Set the SID of an Active Directory (or Samba) security group. The socks-rule these keywords are used in will only match for users that are members of the specified groups. The b64 variant expects the SID in base64 encoded format.

These statements can be repeated.

pac.off

Syntax: pac.off: <yes|no>

Enable or disables the caching of the objectSid for authorisation, the default in on.

When used with the ldap.group functionality, the group objectSid of an Active Directory group will automatically be cached and used for verification if GSSAPI authentication is used. This avoids additional LDAP lookups and speeds up the authorisation process.

LDAP module related compile-time values

In addition to configuration that can be changed by changing the Dante server configuration file, the Dante server also uses various timeout values as defined at compile-time. Normally there is no need to change these, but if necessary, they can be changed by the operator before recompiling Dante.

The following values are defined in the file include/sockd.h, and can be changed at compile-time if so desired. All values are given in seconds:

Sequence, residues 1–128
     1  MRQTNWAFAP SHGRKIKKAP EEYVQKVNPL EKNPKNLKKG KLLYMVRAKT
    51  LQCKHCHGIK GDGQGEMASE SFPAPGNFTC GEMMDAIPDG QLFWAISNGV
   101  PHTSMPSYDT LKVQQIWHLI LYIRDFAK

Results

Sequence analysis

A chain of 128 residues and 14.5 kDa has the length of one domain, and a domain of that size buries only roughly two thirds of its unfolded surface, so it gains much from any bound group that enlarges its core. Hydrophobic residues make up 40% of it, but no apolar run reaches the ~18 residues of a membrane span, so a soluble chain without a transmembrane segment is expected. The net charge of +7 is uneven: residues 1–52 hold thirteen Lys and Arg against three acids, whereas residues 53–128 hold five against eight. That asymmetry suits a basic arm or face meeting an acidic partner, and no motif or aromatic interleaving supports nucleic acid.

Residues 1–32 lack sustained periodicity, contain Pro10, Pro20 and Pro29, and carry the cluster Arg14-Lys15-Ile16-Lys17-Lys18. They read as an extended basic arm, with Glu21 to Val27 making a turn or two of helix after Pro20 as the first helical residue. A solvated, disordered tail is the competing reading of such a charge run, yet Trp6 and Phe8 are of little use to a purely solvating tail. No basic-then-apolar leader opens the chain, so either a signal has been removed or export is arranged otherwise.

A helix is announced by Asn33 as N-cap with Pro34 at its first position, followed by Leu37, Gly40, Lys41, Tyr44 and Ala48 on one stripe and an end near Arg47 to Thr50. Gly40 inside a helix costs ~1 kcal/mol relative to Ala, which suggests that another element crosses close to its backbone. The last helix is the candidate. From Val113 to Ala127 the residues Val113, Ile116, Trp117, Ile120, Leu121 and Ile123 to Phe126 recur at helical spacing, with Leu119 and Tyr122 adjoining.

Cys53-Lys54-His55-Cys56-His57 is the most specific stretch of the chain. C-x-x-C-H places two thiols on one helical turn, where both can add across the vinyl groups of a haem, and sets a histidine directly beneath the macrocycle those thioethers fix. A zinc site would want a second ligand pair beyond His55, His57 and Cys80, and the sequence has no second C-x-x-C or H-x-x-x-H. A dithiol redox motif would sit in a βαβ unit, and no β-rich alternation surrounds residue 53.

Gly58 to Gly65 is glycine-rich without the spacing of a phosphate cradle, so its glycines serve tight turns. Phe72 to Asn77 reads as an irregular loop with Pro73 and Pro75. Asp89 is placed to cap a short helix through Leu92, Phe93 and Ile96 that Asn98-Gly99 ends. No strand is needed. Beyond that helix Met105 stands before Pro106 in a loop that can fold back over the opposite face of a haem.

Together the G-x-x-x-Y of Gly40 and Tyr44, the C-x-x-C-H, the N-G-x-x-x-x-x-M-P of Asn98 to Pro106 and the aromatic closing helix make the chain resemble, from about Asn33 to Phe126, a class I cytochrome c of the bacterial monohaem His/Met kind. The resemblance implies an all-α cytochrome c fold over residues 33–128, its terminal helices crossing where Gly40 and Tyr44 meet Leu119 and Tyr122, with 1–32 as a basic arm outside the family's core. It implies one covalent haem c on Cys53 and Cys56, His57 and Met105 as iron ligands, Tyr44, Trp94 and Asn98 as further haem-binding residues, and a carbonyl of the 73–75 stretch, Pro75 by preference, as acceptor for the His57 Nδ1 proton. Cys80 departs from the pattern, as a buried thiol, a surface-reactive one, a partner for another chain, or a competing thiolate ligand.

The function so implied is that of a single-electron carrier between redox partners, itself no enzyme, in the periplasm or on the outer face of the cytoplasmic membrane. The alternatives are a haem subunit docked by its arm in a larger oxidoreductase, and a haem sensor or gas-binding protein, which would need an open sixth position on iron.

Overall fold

• SOCKD_LDAP_DEADTIME the time to wait before a non-responsive LDAP server should be retried.
  • SOCKD_LDAP_SEARCHTIME the maximum time an LDAP search can take before Dante will give up waiting for a response.
  • SOCKD_LDAP_TIMEOUT the maximum time a connection to a LDAP server can take to establish before Dante will give up on waiting for the connection to be established.
The following value is defined in include/config.h:
  • SOCKD_LDAPCACHE_TIMEOUT is the maximal time a LDAP group result is cached.
Should it be necessary to change any of these values, the values will need to be changed and the Dante server recompiled.

PAC SID Example Screenshots

     

OpenLDAP Example Screenshots

Active Directory Example Screenshots